Audio team makes it easy for digital editors to say ‘yes’

Daniel Dopp is a digital audio producer at ESPN, where he has worked for four years producing several different podcasts including Fantasy Focus Football, The Bill Barnwell Show, and Adam Schefter’s Know Them From Adam. He does everything from generating story ideas, to coordinating and booking guests, to mixing and publishing final cuts. In order to promote the content from the finished shows, he takes short, juicy clips and sends them — along with a transcript generated by Pop Up Archive — to the ESPN editorial team for use in other content such as TV shows or online stories.

Daniel extracts and shares clips from Know Them From Adam more than the other shows since it’s more interview-based. “Recently we had on DeAngelo Williams, a running back who’s been around for 11 years, and he had a few choice comments about teams he wouldn’t sign with. It was a newsy and slightly provocative piece of tape, so I took out the clip, put it into Pop Up Archive to get a transcript, and then sent it to a few different editorial teams here at ESPN.” The combination of transcript and clip made it easy for editors Daniel works with to evaluate the content, getting them to ‘yes, we’ll do something with this’ more easily and quickly.

“Once they have a clip like the DeAngelo Williams one, ESPN editors might write a story about it, or put it on his player card, or alert the team he most played for most recently to his comments” Daniel explained. “It’s a way to spread content to as many platforms as we can, and to bring as much attention to the podcast as we can. That Pop Up Archive enables us to quickly generate a transcript to accompany the clip makes it a hundred times easier to do this than sending an audio clip and saying ‘you should listen to this because there’s good stuff there.’” With Daniel’s approach, people can read the transcript and see for themselves that it’s good tape, overcoming a disinclination to open an audio file without other context. “With the number of stories coming across our desks,” said Daniel, “any way that you can make it easier for an editor to assess the value of something also makes it likelier that they will highlight your content.”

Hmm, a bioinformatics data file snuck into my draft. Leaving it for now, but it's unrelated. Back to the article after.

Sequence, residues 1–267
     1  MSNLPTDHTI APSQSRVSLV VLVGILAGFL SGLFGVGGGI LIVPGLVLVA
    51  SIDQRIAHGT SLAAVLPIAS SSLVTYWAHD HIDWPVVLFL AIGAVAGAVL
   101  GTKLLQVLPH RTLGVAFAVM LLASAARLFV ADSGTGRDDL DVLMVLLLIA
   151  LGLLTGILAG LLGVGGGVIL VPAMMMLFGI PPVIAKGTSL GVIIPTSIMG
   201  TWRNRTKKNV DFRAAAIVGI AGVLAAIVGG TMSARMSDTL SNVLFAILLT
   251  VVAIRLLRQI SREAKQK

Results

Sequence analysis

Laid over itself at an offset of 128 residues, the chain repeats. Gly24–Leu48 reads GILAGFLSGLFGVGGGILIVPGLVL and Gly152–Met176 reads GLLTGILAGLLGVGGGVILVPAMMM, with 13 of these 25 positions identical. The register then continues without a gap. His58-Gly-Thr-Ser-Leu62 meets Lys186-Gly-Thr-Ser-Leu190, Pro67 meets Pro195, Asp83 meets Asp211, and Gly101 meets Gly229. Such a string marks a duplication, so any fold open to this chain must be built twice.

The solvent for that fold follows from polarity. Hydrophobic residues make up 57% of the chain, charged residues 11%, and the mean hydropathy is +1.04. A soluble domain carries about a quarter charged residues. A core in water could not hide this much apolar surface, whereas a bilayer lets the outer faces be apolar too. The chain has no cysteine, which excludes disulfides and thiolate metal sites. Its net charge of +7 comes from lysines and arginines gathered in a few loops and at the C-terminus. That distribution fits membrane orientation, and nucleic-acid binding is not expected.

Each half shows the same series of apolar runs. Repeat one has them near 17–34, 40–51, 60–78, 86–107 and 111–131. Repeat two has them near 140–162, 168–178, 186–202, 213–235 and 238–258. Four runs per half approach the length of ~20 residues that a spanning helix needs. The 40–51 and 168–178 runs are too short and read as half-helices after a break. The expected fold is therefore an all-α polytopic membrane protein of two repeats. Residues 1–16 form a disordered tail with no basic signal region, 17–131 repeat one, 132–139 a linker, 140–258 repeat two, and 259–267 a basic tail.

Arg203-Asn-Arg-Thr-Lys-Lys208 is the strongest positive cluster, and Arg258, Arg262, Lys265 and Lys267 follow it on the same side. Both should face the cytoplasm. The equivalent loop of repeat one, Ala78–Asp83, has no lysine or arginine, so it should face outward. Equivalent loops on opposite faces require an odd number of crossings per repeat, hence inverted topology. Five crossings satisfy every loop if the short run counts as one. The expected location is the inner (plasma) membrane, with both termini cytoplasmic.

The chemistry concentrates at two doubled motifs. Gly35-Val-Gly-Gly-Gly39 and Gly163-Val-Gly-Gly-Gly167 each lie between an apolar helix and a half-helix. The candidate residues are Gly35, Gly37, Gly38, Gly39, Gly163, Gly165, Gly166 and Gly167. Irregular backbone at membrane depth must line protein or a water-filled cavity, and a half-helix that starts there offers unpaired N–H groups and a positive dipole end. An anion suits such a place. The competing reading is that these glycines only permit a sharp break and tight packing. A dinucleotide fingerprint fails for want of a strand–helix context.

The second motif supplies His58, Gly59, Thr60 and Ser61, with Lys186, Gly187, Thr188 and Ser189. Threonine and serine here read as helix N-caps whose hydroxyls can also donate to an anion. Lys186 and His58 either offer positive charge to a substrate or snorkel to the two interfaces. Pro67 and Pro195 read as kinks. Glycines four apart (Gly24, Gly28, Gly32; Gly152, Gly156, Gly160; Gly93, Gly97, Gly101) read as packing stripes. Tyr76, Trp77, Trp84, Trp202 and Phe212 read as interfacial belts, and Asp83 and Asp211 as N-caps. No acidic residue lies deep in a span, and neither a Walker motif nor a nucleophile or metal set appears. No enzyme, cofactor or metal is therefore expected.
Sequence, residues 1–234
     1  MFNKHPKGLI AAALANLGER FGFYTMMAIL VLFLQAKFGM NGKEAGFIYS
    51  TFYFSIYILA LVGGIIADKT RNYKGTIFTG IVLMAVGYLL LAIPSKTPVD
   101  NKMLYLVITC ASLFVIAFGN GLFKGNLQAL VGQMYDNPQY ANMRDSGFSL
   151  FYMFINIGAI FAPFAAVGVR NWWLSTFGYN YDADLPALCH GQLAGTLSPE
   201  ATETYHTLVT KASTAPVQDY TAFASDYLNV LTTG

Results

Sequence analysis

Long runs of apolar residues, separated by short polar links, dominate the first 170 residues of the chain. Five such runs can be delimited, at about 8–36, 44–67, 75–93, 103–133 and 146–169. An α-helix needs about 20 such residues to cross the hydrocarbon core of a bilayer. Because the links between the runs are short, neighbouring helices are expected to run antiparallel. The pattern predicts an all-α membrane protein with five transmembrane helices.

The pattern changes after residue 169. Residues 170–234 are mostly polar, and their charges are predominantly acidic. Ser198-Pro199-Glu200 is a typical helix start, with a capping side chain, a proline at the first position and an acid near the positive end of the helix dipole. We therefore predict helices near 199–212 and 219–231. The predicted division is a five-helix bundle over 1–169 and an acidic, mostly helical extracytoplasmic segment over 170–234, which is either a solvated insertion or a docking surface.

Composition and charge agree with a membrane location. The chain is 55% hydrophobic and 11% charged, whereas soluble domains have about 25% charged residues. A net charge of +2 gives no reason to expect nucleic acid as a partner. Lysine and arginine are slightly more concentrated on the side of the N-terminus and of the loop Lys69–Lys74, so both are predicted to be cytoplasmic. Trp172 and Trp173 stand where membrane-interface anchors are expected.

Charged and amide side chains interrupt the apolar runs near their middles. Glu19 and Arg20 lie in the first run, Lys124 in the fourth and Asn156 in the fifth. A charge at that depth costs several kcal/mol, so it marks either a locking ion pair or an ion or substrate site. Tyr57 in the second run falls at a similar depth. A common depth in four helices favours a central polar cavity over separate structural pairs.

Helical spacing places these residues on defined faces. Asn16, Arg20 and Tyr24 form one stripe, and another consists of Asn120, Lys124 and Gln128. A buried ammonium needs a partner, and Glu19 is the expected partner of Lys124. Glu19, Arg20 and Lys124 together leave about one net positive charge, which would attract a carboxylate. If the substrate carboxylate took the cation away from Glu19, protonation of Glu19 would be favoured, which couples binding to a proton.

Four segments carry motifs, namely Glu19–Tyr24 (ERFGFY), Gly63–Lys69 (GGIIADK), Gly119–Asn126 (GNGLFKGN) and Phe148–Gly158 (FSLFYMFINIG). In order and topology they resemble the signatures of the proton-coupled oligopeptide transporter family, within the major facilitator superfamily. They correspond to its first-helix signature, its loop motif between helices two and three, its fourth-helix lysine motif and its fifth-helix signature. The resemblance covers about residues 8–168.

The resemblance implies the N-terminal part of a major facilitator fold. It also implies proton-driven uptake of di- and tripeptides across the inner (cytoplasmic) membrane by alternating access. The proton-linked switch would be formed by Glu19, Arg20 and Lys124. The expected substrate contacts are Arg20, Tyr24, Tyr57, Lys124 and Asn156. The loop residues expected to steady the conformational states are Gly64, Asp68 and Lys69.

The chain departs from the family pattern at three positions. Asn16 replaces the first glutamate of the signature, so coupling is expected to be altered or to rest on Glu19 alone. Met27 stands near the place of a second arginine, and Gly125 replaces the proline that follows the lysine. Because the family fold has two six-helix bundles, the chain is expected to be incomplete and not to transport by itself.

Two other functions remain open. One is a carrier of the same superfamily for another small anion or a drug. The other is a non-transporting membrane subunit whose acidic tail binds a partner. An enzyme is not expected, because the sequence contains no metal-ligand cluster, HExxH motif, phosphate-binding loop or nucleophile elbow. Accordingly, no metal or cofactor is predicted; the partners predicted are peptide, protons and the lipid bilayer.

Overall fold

Before sharing the clips and transcripts, Daniel uses the Pop Up Archive editor to get them to 100 percent accuracy. He keeps the clips between about 30 seconds and a few minutes long, and does four to five at a time. “It’s time-consuming to transcribe and promote tape when you have so many pieces of content and a never-ending news cycle. I wouldn’t be able to do efficient promotion of these clips without a tool like Pop Up. It makes my job so much easier, and it makes me more effective at extending the life of these stories to different audiences.”

Daniel has tried other transcript services, but didn’t find them very useful — he’d often end up doing the transcription himself when he had time. (This sometimes meant that he ended up missing out on a number of opportunities because it had to happen in such a short timeframe.) “The accuracy that Pop Up Archive gives me is close enough that I can clean up everything and put it to use quickly. Of all the transcription services I’ve used it’s the most accurate and timely.”